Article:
The law was meant to strengthen the national economy in Indonesia, yet this law resulted in a tense diplomatic relation between Republic of Indonesia and the People's Republic of China (PRC). During a meeting between State Minister Subandrio and Chinese Ambassador to Indonesia (Huang Chen) in Jakarta, the PRC insisted that PP No. 10 should be reviewed, and the request was denied.[3] Later on during a parliamentary hearing, State Minister Subandrio restated that there is no element of anti-Chinese related in the implementation of PP No. 10, the law being solely the beginning of nationalisation and socialisation in the Indonesian economy, and as part of the Indonesian revolution movement. On the nationalisation part, PP No. 10 stated that foreign retailers must be closed outside ibukota kabupaten and the merchant had to live only in his property, which was not allowed to conduct any business activities. Foreigners had to close their business at the latest on 1 January 1960 and give all their assets to Koperasi.[3]

The Government of PRC was upset. On 10 December 1959, Peking radio announced a campaign for Chinese citizen to return to "The Warmth of Motherland". The PRC Embassy in Jakarta soon listed all Chinese citizens interested in returning to China. About 199,000 applied, but only 102,000 managed to be placed in a ship sent by the PRC government.[5][6] The tension between PRC Government and Government of Indonesia reduced after PRC Prime Minister Zhou Enlai met President Soekarno.

Pro and consEdit

According to Mestika Zed from Andalas University, Padang, West Sumatera, Asaat Datuk Mudo was a real nationalist and always reacted according to facts and reality. The economy of pribumi (Native Indonesian) after independence was weak with no one defending them. Meanwhile, even during Dutch Imperialism, the Chinese always had a better economy than the pribumi. After Indonesian independence, they took over the economy from small, middle, and large scale. Assaat's ideas were later adopted by Tunku Abdul Rahman and Mahathir Mohamad as the Malaysian economy policy to protect the majority and indigenous ethnic Malay in Malaysia, which was then faced with a similar economic situation.

From historical perspective, even in the beginning of Indonesian Independence the Chinese was always been suspected because they are divided into three groups: "Pro-Dutch", "Pro-Chinese Government", and "Pro-Indonesian Nationalist Movement". There are also Indonesian Chinese who agree that it was needed to do an assimilation or pribumization of Indonesian Chinese (also known as the Tionghoa) through religion (Islam and PITI) as Moslem organization. They have given their support and chances to Chinese-Indonesians to prove that they want to become a "good Indonesian citizen". There is also a lot of co-operation between the Chinese and the Indonesians noted during Indonesian national movement. Even some of the prominent Chinese figures were trying hard to make the Chinese-Indonesian return to Indonesia. Yap Thiam Hien, a Chinese-Indonesian lawyer, famous for his Indonesian nationalist idealism, established Baperki (Indonesian Citizenship Discussion Body) in 1954. The organization's purpose was to make Chinese-Indonesians willing to be Indonesian citizens, specially to those that take the Indonesian side, as opposed to the Dutch and the Chinese Government. This body also gave a lot of contribution in proposing the Indonesian Citizenship Law 1958, which was implemented on the beginning of 1960.[7] The discriminative rule also noted as an attempt to maintain politics of divide and conquer.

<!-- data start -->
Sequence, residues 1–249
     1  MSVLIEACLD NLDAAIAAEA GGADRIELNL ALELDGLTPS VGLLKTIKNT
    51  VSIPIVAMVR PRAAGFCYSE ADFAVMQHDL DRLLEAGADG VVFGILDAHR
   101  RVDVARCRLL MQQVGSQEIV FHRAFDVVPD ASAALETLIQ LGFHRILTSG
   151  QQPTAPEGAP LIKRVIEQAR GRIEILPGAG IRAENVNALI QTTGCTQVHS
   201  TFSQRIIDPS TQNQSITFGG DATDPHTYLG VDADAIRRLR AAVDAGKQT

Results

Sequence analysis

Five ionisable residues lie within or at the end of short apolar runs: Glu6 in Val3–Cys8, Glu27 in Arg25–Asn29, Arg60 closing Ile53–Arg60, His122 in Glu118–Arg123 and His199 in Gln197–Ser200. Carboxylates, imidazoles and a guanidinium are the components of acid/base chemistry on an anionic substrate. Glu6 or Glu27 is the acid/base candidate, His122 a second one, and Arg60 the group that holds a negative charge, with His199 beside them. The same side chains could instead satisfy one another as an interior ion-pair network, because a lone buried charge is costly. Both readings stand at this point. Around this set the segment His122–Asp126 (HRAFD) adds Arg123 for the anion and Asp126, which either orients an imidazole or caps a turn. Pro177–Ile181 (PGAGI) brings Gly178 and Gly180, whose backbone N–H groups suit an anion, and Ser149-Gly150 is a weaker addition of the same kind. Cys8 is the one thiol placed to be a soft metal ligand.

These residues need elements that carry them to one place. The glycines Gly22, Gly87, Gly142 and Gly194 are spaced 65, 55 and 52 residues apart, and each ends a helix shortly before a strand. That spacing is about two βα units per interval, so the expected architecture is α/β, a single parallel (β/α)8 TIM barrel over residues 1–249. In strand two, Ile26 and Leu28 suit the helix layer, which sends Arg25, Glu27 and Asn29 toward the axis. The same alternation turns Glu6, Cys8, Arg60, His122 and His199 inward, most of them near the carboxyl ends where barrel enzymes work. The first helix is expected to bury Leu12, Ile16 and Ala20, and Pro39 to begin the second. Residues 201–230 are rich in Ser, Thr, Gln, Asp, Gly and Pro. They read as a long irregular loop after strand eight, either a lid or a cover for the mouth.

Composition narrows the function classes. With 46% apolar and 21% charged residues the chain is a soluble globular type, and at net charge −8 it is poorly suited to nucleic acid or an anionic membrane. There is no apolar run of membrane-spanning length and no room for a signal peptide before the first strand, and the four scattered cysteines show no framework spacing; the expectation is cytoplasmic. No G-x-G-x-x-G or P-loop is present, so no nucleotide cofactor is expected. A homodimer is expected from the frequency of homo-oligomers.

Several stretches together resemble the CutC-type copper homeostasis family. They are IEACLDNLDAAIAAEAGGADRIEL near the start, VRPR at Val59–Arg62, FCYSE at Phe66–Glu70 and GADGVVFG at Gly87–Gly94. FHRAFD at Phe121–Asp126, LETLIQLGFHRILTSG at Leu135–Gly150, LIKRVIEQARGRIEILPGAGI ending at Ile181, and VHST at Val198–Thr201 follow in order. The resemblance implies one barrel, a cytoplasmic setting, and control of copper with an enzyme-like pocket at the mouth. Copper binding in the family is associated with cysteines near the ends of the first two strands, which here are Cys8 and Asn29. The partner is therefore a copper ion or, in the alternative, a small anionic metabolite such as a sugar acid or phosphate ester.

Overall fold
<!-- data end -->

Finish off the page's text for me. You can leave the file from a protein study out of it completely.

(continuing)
Leo Suryadinata, a Chinese-Indonesian now teaching in National University of Singapore (NUS), thinks that both fortress rules or PP 10/ 1959 is a beginning anti-Chinese movement in Indonesia. According to Suryadinata, during colonialism by the Dutch, the Chinese-Indonesians were mostly small retailers, but after Indonesian independence, their position was strengthened, which is why pribumi think that they cannot compete and would like to take over the power by using the government.

Cabinet Presidium Decision 127 of 1966Edit

Cabinet Presidium Decision 127 of 1966[8] (Keputusan Presidium Kabinet Nomor 127 Tahun 1966, 127/U/Kep/12/1966) was an Indonesian law passed in 1966 that suggested Indonesian-sounding names to be adopted by Indonesian Chinese. It was considered to be part of the anti-Chinese legislation in Indonesia.[9] The resident Chinese community in Indonesia resented it because it forced them to lose traditional family names. However, some people thwarted the government efforts to some degree by incorporating their Chinese name into their new Indonesian name.[10] For example, the Chinese family name "Tan" was easily embedded in the Indonesian name "Sutanto".

Presidential Decision 240 of 1967Edit

Presidential Decision 240 of 1967[11] (Keputusan Presiden Nomor 240 Tahun 1967, Keppres No. 240/1867) mandated assimilation of "foreigners" and supported a previous directive, 127/U/Kep/12/1966, for Indonesian Chinese to adopt Indonesian-sounding names.

Presidential Instruction 14 of 1967Edit

Presidential Instruction No. 14/1967 (Inpres No. 14/1967) on Chinese Religion, Beliefs, and Traditions effectively banned any Chinese literature and cultures in Indonesia, including the prohibition of Chinese characters. Although Chinese names were not explicitly mentioned, "newly naturalized" Indonesian Chinese were strongly advised to adopt non-Chinese names. (Annulled by former president Abdurrahman Wahid in Keppres No. 6/2000;[12] annulment supported by former president Megawati Soekarnoputri in Keppres No 19/2002 by declaring Chinese New Year as national holiday.)


Laws affecting Chinese Indonesians proliferated under the New Order regime under former President Suharto's reign. Suharto was a strong advocate for Chinese assimilation rather than integration. As part of 1967's 'Basic Policy for the Solution of the Chinese Problem' and other measures, only one Chinese-language newspaper was allowed to continue, all Chinese religious expressions had to be confined to their homes, Chinese-language schools were phased out, Chinese script in public places was banned, and Chinese were pushed to take on Indonesian-sounding names.[13] Most of this legislation were revoked following Suharto's fall from power in 1998. [1]